4. Conclusions By taking advantage of the unique optical properties of triangular AgNPRs and the etching effect of hydrogen peroxide generated from the enzymatic oxidation of Glu, we successfully developed a simple sensor for detecting cancer biomarkers in clinical samples using the triangular AgNPRs–GOx signal system. Unlike traditional plasmonic sensors, which generally depend on the modulation of aggregation/deaggregation of noble metal
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nanoparticles, this assay is based on an etching process, in which the shape and size of the nanoprisms are altered and accompanied by an SPR shift. Although the poor chemical and structural stability of the triangular AgNPRs are the main issue that prevents their broad use, recent reports have indicated that anisotropic nanoprisms possess well-deﬁned, facet-dependant physicochemical properties. It is therefore essential to develop strategies in which analyte targets can be colourimetrically visualised by shape-dependant SPR peak shifts, because colourimetry is useful for both basic research and clinical applications. This method combined enzymes and MBs with ELISA, which greatly lowered the detection limit. The results indicated that this plasmonic biosensor can detect biomarkers at concentrations as low as 4.1 fg/mL by simple mixing and in a wide linear range from fg/mL to pg/mL. Moreover, this biosensor was also more convenient than conventional HRPbased ELISA, which makes it a promising platform for biomedical applications. In addition, the sensor does not require a sophisticated experimental procedure or equipment. Considering the ultrahigh sensitivity and versatility of this plasmonic assay, it has potential application in point-of-care diagnostics. Although only PSA was detected in this study, the approach reported here is generalisable and can be easily applied to other ELISA systems.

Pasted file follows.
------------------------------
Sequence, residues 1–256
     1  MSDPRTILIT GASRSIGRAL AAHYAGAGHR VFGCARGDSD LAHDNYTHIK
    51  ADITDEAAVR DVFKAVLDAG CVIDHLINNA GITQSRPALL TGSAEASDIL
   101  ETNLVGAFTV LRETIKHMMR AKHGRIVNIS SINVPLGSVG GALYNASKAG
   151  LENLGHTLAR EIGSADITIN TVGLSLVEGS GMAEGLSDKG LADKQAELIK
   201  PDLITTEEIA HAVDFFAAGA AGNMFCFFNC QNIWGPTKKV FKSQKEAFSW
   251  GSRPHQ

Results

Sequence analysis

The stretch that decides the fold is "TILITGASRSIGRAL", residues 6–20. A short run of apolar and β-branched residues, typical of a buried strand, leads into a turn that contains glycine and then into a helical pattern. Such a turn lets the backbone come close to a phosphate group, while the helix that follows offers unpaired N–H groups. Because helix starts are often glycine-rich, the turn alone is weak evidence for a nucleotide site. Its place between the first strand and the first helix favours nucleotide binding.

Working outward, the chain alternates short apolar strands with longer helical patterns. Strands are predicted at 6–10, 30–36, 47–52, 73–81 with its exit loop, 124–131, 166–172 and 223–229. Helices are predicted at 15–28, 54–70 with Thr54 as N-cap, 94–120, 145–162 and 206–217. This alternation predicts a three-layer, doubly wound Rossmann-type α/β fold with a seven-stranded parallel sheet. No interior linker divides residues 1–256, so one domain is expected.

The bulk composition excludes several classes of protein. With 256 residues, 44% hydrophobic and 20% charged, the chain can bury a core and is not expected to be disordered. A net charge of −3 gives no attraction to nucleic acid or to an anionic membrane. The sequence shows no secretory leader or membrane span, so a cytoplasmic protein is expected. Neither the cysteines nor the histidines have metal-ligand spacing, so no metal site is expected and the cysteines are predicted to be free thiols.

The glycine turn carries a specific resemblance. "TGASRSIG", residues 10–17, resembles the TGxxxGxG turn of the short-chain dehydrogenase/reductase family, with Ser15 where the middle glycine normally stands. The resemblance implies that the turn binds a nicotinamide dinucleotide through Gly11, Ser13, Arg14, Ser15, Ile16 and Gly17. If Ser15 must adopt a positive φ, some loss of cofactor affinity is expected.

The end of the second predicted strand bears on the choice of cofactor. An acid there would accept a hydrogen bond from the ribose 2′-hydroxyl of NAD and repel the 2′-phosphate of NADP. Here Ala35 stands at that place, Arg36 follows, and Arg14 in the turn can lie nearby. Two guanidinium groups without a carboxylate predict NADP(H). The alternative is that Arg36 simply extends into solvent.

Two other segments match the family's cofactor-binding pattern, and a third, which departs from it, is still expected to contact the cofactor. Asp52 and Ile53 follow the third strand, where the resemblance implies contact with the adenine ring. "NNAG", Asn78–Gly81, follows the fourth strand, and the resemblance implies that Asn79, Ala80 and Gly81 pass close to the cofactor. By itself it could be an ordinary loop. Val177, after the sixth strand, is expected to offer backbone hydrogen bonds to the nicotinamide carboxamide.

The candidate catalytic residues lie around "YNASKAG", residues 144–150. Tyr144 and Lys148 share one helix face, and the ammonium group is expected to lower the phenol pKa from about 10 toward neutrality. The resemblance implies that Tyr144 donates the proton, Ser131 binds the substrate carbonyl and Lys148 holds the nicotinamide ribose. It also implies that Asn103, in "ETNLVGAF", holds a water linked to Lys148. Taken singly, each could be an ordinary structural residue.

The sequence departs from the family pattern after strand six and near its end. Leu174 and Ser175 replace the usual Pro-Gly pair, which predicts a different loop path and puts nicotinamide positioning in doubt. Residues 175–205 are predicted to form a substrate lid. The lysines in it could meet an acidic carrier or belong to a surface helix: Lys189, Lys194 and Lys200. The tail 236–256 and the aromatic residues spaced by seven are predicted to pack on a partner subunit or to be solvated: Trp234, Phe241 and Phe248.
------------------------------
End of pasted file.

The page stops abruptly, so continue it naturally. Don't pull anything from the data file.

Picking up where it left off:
Acknowledgements This work was supported by the Technology Research Program of Guangdong Province (2013B010404027) and Technology Research Program of Guangzhou City (2014J4100010). This manuscript has been edited and proofread by NPG Language Editing.
Appendix A. Supplementary Information Supplementary data associated with this article can be found in the online version at http://dx.doi.org/10.1016/j.bios.2015.02.026.